Eviation announces order for Alice

Start-Up Announces Order for First Electric Plane for Commercial Air Travel

The biggest names in aviation and technology are jostling to send an all-electric plane up into the commercial skies. Did an Israeli start-up just beat them to their objective? 

Eliminating greenhouse-gas emissions from airplanes is one of the hardest challenges in the climate conundrum.  

Air travel accounts for a significant volume of the world’s global carbon dioxide emissions. With well in excess of 100,000 commercial flights every day, the airline industry is now among the fastest-growing sources of greenhouse-gas pollution.

This is why big-name companies such as Uber and Boeing have been exploring ways to build small electric aircraft for commercial purposes.   

Now, a small start-up appears to have beaten them to the punch!

Alice might be first ever all-electric passenger plane in commercial use.
The biggest names in aviation and technology are jostling to send the first all-electric plane up into the commercial skies. Eviation may have just beaten them to the punch with Alice. (Photo: Matti Blume/Wikipedia)

Meet Alice

The Israeli company, Eviation, announced recently that the Massachusetts-based regional airline, Cape Air, has placed an order for its all-electric plane, the “Alice.” 

The Alice is a three-engine airplane that can fly 1,000 kilometers on a single charge. The plane is designed to carry two pilots and between six and nine passengers.

Eviation introduced the aircraft to the aviation and airline industries during the Paris Airshow last June. 

The company says Alice is even now ready to compete in the market for planes that fly high traffic commutes! These include Paris to Toulouse, Norway’s Oslo to Trondheim, and San Jose to San Diego in the US.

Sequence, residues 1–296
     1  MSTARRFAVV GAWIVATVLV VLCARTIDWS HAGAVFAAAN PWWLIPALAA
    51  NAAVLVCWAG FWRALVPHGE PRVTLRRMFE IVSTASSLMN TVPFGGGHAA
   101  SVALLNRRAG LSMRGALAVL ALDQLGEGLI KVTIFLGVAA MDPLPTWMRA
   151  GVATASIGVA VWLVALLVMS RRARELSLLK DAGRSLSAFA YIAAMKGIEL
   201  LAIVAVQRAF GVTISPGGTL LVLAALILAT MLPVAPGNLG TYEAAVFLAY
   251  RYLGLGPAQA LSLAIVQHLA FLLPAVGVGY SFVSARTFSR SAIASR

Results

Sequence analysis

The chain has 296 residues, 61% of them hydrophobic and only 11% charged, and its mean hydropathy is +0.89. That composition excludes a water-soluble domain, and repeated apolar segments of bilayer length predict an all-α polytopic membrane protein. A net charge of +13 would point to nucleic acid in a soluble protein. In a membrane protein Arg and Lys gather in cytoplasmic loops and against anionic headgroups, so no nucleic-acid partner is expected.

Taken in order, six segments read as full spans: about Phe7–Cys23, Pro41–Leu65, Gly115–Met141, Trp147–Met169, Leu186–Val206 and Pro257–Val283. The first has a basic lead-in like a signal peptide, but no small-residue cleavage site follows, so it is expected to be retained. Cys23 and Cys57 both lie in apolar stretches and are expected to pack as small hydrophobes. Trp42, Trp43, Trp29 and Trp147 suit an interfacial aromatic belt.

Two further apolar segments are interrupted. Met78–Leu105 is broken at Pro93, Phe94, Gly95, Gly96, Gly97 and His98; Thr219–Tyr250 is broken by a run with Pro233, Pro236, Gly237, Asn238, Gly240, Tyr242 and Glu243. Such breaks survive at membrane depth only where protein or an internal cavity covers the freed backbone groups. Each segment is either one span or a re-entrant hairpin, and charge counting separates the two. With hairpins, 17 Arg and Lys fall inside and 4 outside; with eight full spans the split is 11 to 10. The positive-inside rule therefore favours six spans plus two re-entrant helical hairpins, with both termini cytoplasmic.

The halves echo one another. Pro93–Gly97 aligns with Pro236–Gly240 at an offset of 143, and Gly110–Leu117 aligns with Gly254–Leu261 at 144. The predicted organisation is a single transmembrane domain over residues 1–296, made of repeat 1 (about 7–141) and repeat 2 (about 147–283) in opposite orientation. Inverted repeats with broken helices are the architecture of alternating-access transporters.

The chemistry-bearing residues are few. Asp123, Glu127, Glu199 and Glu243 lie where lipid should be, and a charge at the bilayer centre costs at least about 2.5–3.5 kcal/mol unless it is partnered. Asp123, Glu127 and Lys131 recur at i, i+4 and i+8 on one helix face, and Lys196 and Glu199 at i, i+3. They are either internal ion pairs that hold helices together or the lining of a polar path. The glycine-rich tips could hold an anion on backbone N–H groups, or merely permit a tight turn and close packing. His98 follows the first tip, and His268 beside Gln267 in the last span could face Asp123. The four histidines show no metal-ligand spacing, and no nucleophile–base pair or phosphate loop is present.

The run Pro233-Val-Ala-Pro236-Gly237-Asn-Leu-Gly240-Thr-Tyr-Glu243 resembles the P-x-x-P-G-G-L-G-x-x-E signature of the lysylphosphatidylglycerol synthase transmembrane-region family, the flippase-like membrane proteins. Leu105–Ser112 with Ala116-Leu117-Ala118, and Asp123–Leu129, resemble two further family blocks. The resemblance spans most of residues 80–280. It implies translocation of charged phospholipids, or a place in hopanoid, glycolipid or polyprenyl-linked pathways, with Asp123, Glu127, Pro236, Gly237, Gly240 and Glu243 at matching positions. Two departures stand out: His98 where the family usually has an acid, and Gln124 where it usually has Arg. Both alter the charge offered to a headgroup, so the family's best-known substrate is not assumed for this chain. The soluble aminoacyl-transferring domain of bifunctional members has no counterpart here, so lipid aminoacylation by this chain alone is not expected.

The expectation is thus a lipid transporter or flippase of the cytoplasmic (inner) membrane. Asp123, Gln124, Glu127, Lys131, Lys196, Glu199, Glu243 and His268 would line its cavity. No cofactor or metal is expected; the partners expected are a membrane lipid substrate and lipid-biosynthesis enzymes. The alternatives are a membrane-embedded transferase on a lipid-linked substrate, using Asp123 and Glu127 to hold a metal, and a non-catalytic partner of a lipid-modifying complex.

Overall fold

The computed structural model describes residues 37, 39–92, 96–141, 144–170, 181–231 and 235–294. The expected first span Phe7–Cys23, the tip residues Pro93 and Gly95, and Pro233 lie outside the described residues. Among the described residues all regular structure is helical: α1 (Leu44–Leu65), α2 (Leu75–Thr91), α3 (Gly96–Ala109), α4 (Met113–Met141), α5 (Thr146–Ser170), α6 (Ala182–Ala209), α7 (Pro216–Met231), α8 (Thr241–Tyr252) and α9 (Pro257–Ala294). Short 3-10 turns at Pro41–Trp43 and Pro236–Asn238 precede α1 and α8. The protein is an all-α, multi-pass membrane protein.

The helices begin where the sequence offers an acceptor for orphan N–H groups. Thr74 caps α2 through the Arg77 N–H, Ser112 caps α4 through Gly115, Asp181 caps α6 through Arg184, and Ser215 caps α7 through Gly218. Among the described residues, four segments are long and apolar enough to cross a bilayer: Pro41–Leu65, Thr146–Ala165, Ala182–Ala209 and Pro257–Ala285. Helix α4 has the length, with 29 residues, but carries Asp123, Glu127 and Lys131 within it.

The South Korean company, Kokam, manufactures the plane’s 900-kilowatt-hour lithium ion battery.

Eviation executives say they chose Kokam because they felt the company is better prepared to address the plane’s unique battery requirements. 

“If I would go today to Samsung or Panasonic or LG Chem, or Tesla for that matter, and say I need a different cell size, they will probably laugh because the number of cells we are going to buy is not significant enough to start the design process,” Eviation CEO Omer Bar-Yohay told Reuters.

The airline industry is among the growing sources of greenhouse gas in the atmosphere
The airline industry is now among the fastest-growing sources of greenhouse-gas pollution. (Photo:Bernfried Scnell/Pixabay)

Through the Looking Glass?

The appeal of the project to Kokam is clear. The better they meet the needs of the electric aircraft industry, the bigger the market they can potentially address.

As designed, the Alice will have 9,400 battery cells positioned throughout its body, including the floor, ceiling, and wings.

The batteries will have a combined weight of 3.8 tons. That amounts to about 60 percent of the total weight of the plane!

Cape Air is set to buy a “double-digit” number of the Alice. Each plane carries a US $4 million price tag, but observers say customers should be able to negotiate a smaller figure.

While the purchase cost may seem high compared to a conventional propeller driven plane, servicing costs for the Alice – with its electric motors – will be a fraction of the cost compared to say, a Cessna Citation.

“We see tremendous opportunities to reduce the environmental impact of our operations,” Cape Air founder and CEO Dan Wolf said in a statement. 

Eviation expects to begin shipping the aircraft for commercial use in 2022.

Many experts suggest that small electric planes could one day shorten commutes, reduce road traffic, and reduce vehicle emissions.

Do you think the Alice is a first step into the future of air travel?



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